A reader of Writing Magic, who is also an English teacher and clearly a fellow writer, has sent me a letter in which she puzzles over two topics, the first about names. At the end of her questions she wonders if she should just “get over” herself and recognize that names don’t matter much.
Without revealing your name, Thanks! I’ll respond to your second question next week. To everyone else, I’m always looking for blog topics, so I’ll be grateful if you put them in your comments.
To my letter-writer, please don’t get over yourself! Names do matter. Picking them shouldn’t be a random act. Naturally, tastes vary. I don’t like names that are obvious, the way they are in Pilgrim’s Progress, for example, with characters named Obstinate, Pliable, Goodwill, and so on. I even dislike semi-obvious names. I named a selfish fairy Vidia, rather than Invidia, as had been suggested to me. To my ear, Vidia sounds exactly right, a mean name, but Invidia lacks subtlety, and it’s too long (see below).
I’ll never name a character Stormy because she’s moody. But I may name her Stormy if her sisters are Rain, and Skye. Then, if I’m going in a certain direction, I’ll name their parents Bob and Jane; in a different direction, Yearning and Insight. (Is Yearning the father and Insight the mother? Or vice versa?) Names are fun!
One way to get a name that has meaning without being obvious is to think what the character you’re naming is like. Suppose your character happens actually to be moody. Look up moody in the thesaurus and stare intently at the synonyms. Do you see anything that calls a name to mind? Melancholy – Melanie for a girl, Mel for a boy. Petulant – Petula. Also, I have no problem with neologistic names. (Kids, maybe you’d like to look neologistic up or see if your parents know it.) The synonym irascible (irritable) can become Rassie for a girl, Rass for a boy. It doesn’t trouble me if I’m the only one who gets it.
Nicknames can also take you where you want to go. That moody personality again – his name may be Michael, but his friends call him Mope, which may make him mopier.
I prefer names of one or two syllables, three the limit, unless I’m being funny, and then the more the funnier. Or unless there’s some other purpose for the long name. Even when I’m not going for humor, a character can have eight middle names, but the name for everyday use will be relatively short, and that goes for fantasy and science fiction. I hate names that I can recognize on the page, like Xlmaeiothipnm, but not pronounce.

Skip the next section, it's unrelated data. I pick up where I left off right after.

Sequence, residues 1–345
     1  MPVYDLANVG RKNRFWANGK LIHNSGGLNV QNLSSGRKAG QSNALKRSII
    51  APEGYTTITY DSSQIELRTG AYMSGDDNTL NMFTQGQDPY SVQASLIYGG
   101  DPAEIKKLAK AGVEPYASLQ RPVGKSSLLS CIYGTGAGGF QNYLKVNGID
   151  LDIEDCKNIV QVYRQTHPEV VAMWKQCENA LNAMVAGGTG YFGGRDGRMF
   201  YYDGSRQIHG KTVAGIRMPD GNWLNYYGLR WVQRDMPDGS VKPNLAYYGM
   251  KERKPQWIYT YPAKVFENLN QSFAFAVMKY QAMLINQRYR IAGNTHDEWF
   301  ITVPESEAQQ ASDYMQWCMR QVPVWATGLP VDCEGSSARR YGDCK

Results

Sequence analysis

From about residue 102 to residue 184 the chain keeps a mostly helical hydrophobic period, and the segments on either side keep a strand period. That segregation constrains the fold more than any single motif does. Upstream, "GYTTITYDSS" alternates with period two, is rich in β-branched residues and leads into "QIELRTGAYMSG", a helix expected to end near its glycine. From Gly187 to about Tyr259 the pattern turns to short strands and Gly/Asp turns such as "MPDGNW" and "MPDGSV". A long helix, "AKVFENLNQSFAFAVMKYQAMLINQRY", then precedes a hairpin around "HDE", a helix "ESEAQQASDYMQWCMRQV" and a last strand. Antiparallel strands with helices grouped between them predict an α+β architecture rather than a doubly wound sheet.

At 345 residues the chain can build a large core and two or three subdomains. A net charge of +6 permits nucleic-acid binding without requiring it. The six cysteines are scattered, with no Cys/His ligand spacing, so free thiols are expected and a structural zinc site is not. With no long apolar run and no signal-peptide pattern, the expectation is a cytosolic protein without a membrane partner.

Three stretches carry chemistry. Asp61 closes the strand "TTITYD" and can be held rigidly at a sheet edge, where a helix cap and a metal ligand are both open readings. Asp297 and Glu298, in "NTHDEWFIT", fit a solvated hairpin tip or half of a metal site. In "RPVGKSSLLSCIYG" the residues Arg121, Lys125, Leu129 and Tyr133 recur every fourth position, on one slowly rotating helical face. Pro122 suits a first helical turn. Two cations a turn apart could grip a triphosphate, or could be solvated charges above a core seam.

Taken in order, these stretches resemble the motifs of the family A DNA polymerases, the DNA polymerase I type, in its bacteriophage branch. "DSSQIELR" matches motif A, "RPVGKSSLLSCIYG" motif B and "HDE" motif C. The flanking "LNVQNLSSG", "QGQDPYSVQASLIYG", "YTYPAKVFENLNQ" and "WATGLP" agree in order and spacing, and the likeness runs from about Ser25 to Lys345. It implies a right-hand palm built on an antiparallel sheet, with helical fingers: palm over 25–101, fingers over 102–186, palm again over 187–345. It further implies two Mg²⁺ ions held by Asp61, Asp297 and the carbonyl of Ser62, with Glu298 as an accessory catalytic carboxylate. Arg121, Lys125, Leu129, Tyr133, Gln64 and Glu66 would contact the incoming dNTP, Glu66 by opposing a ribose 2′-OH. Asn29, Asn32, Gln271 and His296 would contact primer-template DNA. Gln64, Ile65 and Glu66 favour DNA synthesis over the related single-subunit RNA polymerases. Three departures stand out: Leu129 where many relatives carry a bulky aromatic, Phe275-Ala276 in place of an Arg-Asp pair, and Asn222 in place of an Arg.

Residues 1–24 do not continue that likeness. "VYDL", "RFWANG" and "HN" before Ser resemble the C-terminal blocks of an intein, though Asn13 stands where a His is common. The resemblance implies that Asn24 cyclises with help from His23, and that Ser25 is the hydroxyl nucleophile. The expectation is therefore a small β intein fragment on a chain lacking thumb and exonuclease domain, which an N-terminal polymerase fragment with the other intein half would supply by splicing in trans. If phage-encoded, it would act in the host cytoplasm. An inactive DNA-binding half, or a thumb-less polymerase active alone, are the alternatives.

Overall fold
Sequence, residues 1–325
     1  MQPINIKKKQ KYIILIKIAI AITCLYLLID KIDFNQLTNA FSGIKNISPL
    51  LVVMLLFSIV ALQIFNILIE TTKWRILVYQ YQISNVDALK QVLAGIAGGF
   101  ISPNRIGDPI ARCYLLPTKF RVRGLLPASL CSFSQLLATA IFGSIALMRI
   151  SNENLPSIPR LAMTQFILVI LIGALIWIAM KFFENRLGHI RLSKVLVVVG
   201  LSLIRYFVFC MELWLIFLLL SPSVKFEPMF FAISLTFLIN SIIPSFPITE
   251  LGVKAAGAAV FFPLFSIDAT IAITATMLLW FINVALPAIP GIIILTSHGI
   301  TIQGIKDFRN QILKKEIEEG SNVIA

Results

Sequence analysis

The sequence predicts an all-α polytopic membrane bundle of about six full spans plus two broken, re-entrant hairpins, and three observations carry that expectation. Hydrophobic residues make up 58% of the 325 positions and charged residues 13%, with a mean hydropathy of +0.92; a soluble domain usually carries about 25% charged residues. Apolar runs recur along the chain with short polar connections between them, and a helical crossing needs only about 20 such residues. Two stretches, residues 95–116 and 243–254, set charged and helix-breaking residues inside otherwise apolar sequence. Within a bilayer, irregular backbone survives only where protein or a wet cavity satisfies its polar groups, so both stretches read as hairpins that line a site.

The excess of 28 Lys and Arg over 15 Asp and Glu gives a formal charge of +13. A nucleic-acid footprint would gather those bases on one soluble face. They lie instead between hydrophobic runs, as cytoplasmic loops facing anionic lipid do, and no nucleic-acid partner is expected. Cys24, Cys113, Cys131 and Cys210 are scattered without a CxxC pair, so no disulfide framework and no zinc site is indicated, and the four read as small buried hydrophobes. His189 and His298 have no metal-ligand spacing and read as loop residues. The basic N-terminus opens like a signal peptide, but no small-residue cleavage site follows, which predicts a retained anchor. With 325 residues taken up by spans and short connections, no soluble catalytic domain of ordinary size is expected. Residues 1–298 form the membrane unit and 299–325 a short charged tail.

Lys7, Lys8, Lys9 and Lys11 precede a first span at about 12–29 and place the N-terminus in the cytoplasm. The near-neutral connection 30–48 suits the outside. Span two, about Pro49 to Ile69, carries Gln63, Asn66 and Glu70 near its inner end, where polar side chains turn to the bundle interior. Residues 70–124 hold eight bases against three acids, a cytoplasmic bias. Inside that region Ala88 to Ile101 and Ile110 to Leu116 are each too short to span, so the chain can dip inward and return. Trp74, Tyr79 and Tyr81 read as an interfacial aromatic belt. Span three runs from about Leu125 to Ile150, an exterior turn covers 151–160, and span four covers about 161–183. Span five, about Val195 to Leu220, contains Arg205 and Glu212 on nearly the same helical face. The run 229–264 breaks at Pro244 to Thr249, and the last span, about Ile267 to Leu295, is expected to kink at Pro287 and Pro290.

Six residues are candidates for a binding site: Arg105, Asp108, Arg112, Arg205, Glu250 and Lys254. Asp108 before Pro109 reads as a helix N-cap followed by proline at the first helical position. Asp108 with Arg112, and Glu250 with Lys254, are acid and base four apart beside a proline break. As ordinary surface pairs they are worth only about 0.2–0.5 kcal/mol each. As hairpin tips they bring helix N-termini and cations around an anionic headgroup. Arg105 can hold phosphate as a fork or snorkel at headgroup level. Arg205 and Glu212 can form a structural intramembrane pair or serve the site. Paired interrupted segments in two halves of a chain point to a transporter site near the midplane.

Sometimes readers, even adults, get confused when two names are very similar. If the main character’s boyfriend is Brad and her brother is Bart, the reader may have to work unnecessarily hard to remember who is which. If you’re writing for children who’ve just learned to read, the experts suggest that all the character names start with a different letter.
Names should work for your story or book’s genre. If you’re writing historical fiction, you probably don’t want to name a girl Brianne or Aspen or a boy Denver or Brooklyn (all popular 2009 names, according to an online source). If you’re writing fantasy, the names Phil and Susan may seem out of place, unless they’re visiting from our world.
I have nothing against using the names of people I know. By chance, I happen to know three Mollys, but I won’t hesitate before naming a character Molly. However, if my friend has an unusual name, I may hesitate, and I may ask the person’s permission, especially if the character is going to torture squirrels. I did name a character after a relative who has an usual name. This relative gave me permission, and the character is not only good, but also my favorite in several books, and yet my relative has not been entirely pleased. So you never know.
Also, pay attention to the names of the people you meet. Write down the good ones (probably not right at that moment!), so you won’t forget.
Sometimes having a naming theme helps narrow down your choices. The book I’m working on now began by being based on Perrault’s version of “Puss ‘N Boots,” although it’s moved away from that. Perrault was French, so I decided that all my names should be pronounceable in French. I know un peu French, so some of the names are Anglicized versions of actual French words. A few readers will catch on, but most won’t, and I don’t care. I get a chuckle out of it.
Which is the point. You get to pick. You are the final authority. Make yourself happy. Even if you don’t use a name you like, save it. It may come in handy in another story.